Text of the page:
Nuclear Antigens As Candidates For Oncogenic Proteins

In a growing number of reports, antibodies present in the sera of cancer patients have provided useful mole cular tools for the identification of the corresponding antigens [27-32]. These autoantigens are often either mutated or overexpressed in tumors [32], which strongly supports the idea that the immune response is indeed targeted against the tumor. Many of these autoantigens appear to be specific to an individual patient [33], However, we hypothesize that the proteins involved in tumorigenesis might comprise a class of autoantigens that would be more generally recognized by groups of patients. This hypothesis is based on the following reasoning. There is no rationale to suggest that the immune system should treat oncogenic proteins differently than any other cellular antigen. That is, abnormalities in important cell-cycle regulators that lead to unregulated cell growth and division may be as likely as any other tumor antigen to be recognized by the immune system. Thus, we postulate that a subset of autoantigens in cancer is likely to be made up of molecules known to play important roles in cell proliferation.

This is supported by reports of antigens recognized by cytotoxic T lymphocytes that are important regulatory molecules with potential roles in oncogenesis. In one case, a mutated version of the cell-cycle regulator CDK4 was identified as an autoantigen in a patient with melanoma [34], The particular mutant abolishes the interaction with the negative regulator pi6, and thus clearly has potential to play a causative role in cancer. A mutated form of /?-catenin, an extracellular matrix protein that participates in cell adhesion and growth, has also been identified as a T-cell autoantigen in association with melanoma [35] . Finally, an antigenic mutation in caspase-8, which may have a role in mediating apoptosis, has also been reported [36].

There is also evidence for a humoral response directed against potentially oncogenic tumor antigens.

Mutations in the tumor suppressor p53 have been found in tumor tissue but not in normal tissue from a patient who had anti-p53 antibodies [37]. Expression of p53 has also been reported to be elevated in tumor cells in cancer patients with anti-p53 antibodies [38], Cloning of autoantigens by screening autologous tumor cDNA libraries using patient sera has also identified two potentially oncogenic antigens, p53 isolated from a case of colon cancer and NY-LU-12 in lung cancer [39, 40] . In addition, we have recently cloned the 32 kDa subunit of replication protein A (RPA) [41] using autoantibodies from a breast cancer patient. By screening with recombinant antigen, we have found autoantibodies to this important replication and repair protein in 8% of cancer patient sera [42]. This antigen has been previously reported in the sera from patients with Sjögrens syndrome and systemic lupus erythematosus [43], but has not so far been described in cancer. We are presently asking whether this frequent autoimmune response to RPA is related to mutation in the gene or to abnormalities in expression or localization of the protein.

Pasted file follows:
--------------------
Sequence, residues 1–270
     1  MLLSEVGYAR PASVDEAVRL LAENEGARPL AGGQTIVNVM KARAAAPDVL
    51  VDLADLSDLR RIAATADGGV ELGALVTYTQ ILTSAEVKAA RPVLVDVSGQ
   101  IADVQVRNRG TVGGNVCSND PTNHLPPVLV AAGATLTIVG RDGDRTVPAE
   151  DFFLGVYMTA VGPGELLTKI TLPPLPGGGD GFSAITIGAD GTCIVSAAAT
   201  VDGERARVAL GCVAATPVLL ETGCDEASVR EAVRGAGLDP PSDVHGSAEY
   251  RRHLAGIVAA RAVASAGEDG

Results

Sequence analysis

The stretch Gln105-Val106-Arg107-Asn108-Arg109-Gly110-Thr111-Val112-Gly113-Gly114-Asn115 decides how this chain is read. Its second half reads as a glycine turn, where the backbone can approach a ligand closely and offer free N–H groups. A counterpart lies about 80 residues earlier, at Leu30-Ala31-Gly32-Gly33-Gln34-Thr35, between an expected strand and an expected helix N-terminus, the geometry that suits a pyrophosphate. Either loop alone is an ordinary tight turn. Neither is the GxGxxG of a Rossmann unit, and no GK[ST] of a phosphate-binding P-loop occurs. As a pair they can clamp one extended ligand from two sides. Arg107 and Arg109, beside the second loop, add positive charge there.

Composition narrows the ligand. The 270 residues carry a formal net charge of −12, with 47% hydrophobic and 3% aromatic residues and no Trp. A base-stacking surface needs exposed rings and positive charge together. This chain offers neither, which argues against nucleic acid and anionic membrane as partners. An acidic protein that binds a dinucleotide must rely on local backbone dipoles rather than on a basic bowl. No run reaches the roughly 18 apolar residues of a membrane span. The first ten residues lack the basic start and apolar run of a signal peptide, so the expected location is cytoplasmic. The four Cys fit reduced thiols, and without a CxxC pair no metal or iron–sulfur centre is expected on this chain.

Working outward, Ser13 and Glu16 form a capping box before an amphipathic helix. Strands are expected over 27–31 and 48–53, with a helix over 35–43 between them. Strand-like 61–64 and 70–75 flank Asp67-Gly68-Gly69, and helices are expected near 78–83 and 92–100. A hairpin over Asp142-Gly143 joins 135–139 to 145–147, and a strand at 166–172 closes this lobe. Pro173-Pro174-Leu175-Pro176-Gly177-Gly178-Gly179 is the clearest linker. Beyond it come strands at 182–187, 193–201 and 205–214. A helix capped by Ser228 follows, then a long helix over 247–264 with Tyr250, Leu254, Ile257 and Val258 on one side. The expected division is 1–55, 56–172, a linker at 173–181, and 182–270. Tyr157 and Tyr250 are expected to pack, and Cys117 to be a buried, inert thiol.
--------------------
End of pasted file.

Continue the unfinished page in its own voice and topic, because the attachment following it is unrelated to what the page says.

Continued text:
A second reason to suggest that oncogenic proteins may constitute a commonly recognized set of nuclear autoantigens is that our current knowledge on tumor suppressors and oncogenes suggests that there are a finite number of pathways to cause cancer. That is to say, all tumors are expected to have an abnormality in at least one of a limited subset of proteins that regulate the cell cycle, DNA repair and/or apoptosis. These proteins are likely candidates to be involved in the process of carcinogenesis. The majority of proteins in this subset defined to-date are nuclear during at least part of the cell cycle (e.g., transcription factors p53, Rb, cyclins, CDKs, DNA repair enzymes and cas-pases). Thus, it might be expected that some members of this subset will be found as nuclear autoantigens in multiple cancer patients. It is also possible that the particular oncogenic proteins that appear as autoantigens may be specific to cancer type, and/or to the nature of the mutagen. As tumor characteristics are in part defined by the underlying molecular changes that allow escape from normal growth regulation, we suggest that the presence or absence of autoantibodies to these particular nuclear proteins may also be useful predictors of prognosis and indicators of therapeutic outcomes.

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